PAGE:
Young woman cutting vegetables in kitchen at home.

“Do what you love, and you’ll never have to work a day in your life.”

Thanks to my parents, those words have always lived in the back of my head so after four years of work in the public relations field, I knew something was not right. I loved my coworkers and I loved the creative atmosphere, but public relations was never my passion. It took some time for me to figure that out and once I did, I returned to graduate school to become a registered dietitian and pursue my master’s of science in clinical nutrition. Currently, I am half-way through graduate school and loving every minute of the nutrition world.

Let’s back up a little bit. Nutrition was not always a passion or even an interest of mine. I liked to eat but as a busy young professional living in New York City, I ate what was convenient, quick and fun (i.e. late night pizza with friends or multiple mimosas at brunch). I wasn’t necessarily an unhealthy eater, I just did not put much thought into it and at the end of the day, my busy work and social schedule meant I was eating out more often than not and indulging in satisfying comfort foods. At this same time, I was dealing with a lot of emotional stress and anxiety. It took me awhile to put the connection between what I was putting in my body and my emotional state together, but once I did, I discovered that a high-quality diet made up of real, whole foods can greatly impact your overall wellbeing.

I started cooking for myself on a regular basis and almost completely cut out processed, packaged foods. I also began working out regularly. My anxiety and stress level went down dramatically, and I felt like a fog was lifted. Although I eat much healthier and exercise regularly now, I still experience anxiety from time to time, but a nutritious diet has set a strong foundation from which I find I can more easily combat anxious emotions. Realizing the power food can have on the mind and body is why I ultimately decided to return to school to become a registered dietitian.

Many people understand what foods are healthy but can’t commit to change. A dietitian provides a patient with nutrition information and education but also counsels and works with the individual to understand their specific situation and motivators in order to empower them to make changes. The counseling aspect of the job really excites me, and I hope to one day own a private practice that specializes in women’s wellness.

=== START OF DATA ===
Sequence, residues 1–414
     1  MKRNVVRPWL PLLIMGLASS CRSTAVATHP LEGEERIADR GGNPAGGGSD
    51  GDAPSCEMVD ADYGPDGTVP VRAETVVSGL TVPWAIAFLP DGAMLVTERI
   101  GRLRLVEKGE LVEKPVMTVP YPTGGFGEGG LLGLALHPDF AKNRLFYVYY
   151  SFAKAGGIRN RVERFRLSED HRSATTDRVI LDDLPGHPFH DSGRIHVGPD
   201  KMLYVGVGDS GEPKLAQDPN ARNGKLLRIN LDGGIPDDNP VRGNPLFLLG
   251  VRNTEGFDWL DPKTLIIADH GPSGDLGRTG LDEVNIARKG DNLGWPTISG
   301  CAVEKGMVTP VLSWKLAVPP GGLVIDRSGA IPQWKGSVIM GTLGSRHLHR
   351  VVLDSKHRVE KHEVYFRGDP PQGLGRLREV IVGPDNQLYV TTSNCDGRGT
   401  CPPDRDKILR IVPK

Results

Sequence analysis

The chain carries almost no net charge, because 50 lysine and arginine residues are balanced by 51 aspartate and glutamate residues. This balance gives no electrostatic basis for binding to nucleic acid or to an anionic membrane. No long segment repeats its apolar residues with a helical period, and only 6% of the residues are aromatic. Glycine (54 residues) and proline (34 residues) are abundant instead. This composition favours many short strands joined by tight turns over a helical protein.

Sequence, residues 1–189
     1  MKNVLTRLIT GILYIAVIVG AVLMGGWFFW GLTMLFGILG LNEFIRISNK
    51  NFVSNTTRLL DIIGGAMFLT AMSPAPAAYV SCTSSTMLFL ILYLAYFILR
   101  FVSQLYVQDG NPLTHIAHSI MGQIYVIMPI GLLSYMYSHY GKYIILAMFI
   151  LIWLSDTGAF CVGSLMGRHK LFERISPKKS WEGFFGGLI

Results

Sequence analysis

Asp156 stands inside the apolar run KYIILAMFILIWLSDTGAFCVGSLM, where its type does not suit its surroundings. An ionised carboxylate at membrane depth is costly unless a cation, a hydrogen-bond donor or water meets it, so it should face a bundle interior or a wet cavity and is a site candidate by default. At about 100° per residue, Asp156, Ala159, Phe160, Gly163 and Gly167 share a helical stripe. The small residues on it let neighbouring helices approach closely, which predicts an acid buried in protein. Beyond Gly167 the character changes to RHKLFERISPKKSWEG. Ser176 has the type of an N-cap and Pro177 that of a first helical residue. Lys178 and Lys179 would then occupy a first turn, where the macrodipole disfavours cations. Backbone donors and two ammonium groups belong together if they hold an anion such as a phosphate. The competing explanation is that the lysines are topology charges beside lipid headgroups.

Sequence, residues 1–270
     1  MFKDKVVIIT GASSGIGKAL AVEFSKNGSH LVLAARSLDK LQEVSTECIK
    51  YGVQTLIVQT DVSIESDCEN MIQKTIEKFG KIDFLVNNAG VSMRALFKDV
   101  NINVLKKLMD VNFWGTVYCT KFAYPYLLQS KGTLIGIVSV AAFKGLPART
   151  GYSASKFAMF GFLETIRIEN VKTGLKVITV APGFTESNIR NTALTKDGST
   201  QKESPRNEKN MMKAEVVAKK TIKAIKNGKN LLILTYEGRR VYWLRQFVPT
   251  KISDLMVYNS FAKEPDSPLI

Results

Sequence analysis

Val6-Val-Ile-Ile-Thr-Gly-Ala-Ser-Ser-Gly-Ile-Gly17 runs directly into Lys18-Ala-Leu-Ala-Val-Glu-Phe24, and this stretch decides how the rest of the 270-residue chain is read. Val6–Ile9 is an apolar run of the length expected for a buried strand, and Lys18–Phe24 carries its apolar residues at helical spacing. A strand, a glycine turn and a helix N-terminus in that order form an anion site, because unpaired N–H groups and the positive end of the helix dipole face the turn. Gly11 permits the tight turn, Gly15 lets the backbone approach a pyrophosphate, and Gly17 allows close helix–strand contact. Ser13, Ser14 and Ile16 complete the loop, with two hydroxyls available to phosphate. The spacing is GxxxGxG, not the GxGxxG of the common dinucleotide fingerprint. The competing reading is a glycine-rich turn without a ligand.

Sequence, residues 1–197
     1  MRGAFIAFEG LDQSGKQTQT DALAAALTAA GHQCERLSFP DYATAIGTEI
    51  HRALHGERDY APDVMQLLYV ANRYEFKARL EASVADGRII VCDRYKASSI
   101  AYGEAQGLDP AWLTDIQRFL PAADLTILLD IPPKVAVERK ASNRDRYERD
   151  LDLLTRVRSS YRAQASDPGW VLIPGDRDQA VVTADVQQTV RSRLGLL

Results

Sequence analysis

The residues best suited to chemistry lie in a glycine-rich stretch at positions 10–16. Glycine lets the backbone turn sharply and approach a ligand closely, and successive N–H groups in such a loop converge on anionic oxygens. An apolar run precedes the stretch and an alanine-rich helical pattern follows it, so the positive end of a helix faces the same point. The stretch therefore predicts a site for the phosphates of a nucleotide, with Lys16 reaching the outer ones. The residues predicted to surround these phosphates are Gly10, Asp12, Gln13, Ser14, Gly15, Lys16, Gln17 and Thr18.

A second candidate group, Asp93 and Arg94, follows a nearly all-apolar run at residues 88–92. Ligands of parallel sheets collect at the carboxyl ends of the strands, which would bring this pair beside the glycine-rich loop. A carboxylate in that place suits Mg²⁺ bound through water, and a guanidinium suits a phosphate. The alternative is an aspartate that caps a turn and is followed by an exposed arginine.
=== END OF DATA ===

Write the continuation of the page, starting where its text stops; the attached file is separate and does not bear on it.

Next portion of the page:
Unhealthy and healthy food ingredients in a the shape of question marks alongside each other

Anne Duffy is a very close family friend. I was so excited when she asked me to contribute to DeW Life Magazine because I love spreading the word about nutrition and all the positive ways healthy food can impact your life. In many ways, the nutrition and dental sciences are very similar. What you put in your mouth can have a direct effect on your teeth (i.e. sugary beverages or candies leading to cavities) or a more indirect effect (i.e. lack of calcium or vitamin D leading to bone loss in the mouth) and the same goes for your food choices and your overall health. Every day, we have a choice as to what we put in our body, and over the long term, the sum of these choices can either prevent disease or fight it.

Back to the beginning of this story, finding what you love to do is not always easy. And even if you have found the profession of your dreams, finding out what makes you happy outside of the office can also be a challenge. From my own personal experience, it’s much easier to find your ‘thing’ if you are taking care of your mind and body through nutrition, exercise, sleep, regular dental check-ups (of course!) and a supportive circle of family and friends.

If you have no idea where to start with nutrition, start tomorrow morning with this simple recipe for overnight oats. This comes together quickly the night before so that a nutritious breakfast is ready for you the moment you wake up! Oats are full of fiber, and I find that most people I speak to outside of the nutrition world are unaware of all of the amazing benefits of fiber. Fiber keeps you full longer, promotes healthy digestion, prevents blood sugar spikes and helps you maintain a healthy weight.

I hope you enjoy this recipe!

Banana Almond Butter Overnight Oats

Serves: 1

Ingredients

1/2 cup old-fashioned rolled overnight oats

1/2 cup almond milk (or milk of your choice)

1.5 tablespoons almond butter

1 banana, sliced (or fruit of your choice)

1 tsp vanilla extract

A generous dash of cinnamon

Optional: 1 tbsp ground flaxseed or hemp seeds (for extra protein!)

Instructions

Combine all ingredients in an airtight container like a mason jar. Mix together and store overnight in the fridge. In the morning, add some more almond milk if the texture is too dry for your liking. Enjoy!

*For more healthy recipe ideas follow me on Instagram – @WellnessbyClaire

 

SOURCEFeature Image: © s_l #2: © Pixelbliss
SHARE
Previous article
Next articleThe Big Heart of the Small Practice….. & a K.I.S.S. from Dr. Betty
mm
Claire Schmitt is a nutritionist living in New York City. Claire is also a New York University graduate student studying to obtain her master's of science in clinical nutrition and to become a registered dietitian. In addition to being a graduate student, Claire works for Euphebe, a food for health company providing 28 days of whole plant based meals with nutrition counseling. Claire has also spent time volunteering in the nutrition department of New York Presbyterian Weill-Cornell Hospital as well as for the nutrition-focused non-profit, Wellness in the Schools. Originally from Charlotte, North Carolina, Claire obtained her B.A. in History at the University of North Carolina Chapel Hill. In her spare time, Claire loves cook for family and friends and shares her healthy recipes on her Instagram account @WellnessbyClaire.

LEAVE A REPLY